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No 3rd runway Vienna 2017. Red line action by ‘System Change, not Climate Change!’ in May 2017

communities in similar situations and build connections, turning local problems into a stronger, growing movement.

To take India as an example, there is a multitude of airport expansion projects, which have devastating impacts on local communities by acquiring the land under their villages or the farmland they subsist and earn a living from. Plans for a new Bhogapuram Aerotropolis, or airport city, in Andhra Pradesh were fast-tracked in 2015 by the government, and required the acquisition of 15,000 acres of land. Sixteen local communities organised a series of actions together over the year to oppose this move, with as many as 3,000 local farmers, fisherfolk and daily wage labourers and activists blocking a national highway and gathering outside government offices, some even carrying out a hunger strike to show their opposition. In a partial success, the government has gradually announced that it will take possession of less and less land, down to 2,000 acres.

In Andal, in the Burdwan District of West Bengal, there are plans to build a new aerotropolis, on land farmed by sharecroppers. The planned airport began by announcing a land grab of over 2,300 acres, with a notice for anyone with objections to come forward. Even if we were to disregard the unfair process of forcible dispossession, there have been complaints that this notice was not even circulated through the local governments in the villages. This meant that many people did not hear about the plans and therefore have not raised complaints through the formal process. Of those who did, 250 sharecroppers have experienced delays in receiving compensation for the land lost. They have recently taken more action,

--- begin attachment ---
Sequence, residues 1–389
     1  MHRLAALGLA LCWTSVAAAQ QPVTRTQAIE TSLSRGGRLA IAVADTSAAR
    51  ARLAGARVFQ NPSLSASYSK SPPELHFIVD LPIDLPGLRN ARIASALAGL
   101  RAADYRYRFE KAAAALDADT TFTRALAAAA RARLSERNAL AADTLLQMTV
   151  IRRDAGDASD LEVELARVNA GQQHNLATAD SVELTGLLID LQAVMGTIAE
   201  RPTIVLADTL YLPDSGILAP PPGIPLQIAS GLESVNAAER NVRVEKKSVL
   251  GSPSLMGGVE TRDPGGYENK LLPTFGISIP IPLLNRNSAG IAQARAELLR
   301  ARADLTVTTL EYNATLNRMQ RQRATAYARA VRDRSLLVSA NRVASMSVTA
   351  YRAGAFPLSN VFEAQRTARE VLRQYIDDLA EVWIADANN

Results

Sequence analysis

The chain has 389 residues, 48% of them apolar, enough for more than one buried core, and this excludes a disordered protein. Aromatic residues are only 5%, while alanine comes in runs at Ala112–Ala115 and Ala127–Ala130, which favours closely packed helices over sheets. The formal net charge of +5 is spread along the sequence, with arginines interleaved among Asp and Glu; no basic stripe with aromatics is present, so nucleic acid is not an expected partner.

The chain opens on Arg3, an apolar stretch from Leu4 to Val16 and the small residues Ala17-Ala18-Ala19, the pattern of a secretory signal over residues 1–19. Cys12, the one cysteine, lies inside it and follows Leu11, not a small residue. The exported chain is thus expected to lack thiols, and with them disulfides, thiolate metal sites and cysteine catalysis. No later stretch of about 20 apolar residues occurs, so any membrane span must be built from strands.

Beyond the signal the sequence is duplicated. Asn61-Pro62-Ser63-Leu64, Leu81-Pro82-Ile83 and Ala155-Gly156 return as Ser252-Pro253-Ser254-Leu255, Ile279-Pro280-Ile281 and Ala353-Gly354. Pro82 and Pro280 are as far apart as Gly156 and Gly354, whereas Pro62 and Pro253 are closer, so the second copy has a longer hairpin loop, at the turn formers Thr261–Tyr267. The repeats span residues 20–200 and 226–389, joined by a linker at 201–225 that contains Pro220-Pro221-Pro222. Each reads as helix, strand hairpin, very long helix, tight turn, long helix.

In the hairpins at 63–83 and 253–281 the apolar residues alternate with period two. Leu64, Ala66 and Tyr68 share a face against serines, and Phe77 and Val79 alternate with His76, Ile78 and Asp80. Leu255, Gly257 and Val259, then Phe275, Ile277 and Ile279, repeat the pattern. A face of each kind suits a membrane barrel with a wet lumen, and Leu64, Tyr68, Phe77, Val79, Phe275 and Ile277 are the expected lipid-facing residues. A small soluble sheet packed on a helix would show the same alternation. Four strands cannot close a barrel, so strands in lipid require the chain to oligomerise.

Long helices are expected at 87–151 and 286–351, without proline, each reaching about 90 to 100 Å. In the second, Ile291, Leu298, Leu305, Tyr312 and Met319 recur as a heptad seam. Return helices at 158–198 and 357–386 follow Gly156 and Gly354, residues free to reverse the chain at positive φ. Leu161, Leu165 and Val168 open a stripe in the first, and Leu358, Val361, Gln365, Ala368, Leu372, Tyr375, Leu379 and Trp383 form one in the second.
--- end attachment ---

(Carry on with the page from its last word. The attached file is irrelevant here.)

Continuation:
blockading the site to stop employees of Bengal Aerotropolis Projects Limited from entering the site.

In neighbouring Bangladesh, plans in 2011 for Bangabandhu Airport, which was to be built on the Arial Beel wetlands, included the destruction of around 25,000 acres, displacing farmers and fisherfolk as well as eradicating wildlife. Following rallies of as many as 30,000 people, and road blockades involving violent clashes with police, the government announced that no airport would be built there in the face of such opposition.

Around the world, each new airport or expansion project is different, but all share a disregard for and destruction of ecosystems, and the prioritisation of economic growth and globalisation over local people and place. Global capitalism is a feature in all airport expansion, and in resisting the airports, we all struggle against this same sociopathic ideology.

24 Resurgence & Ecologist

January/February 2020

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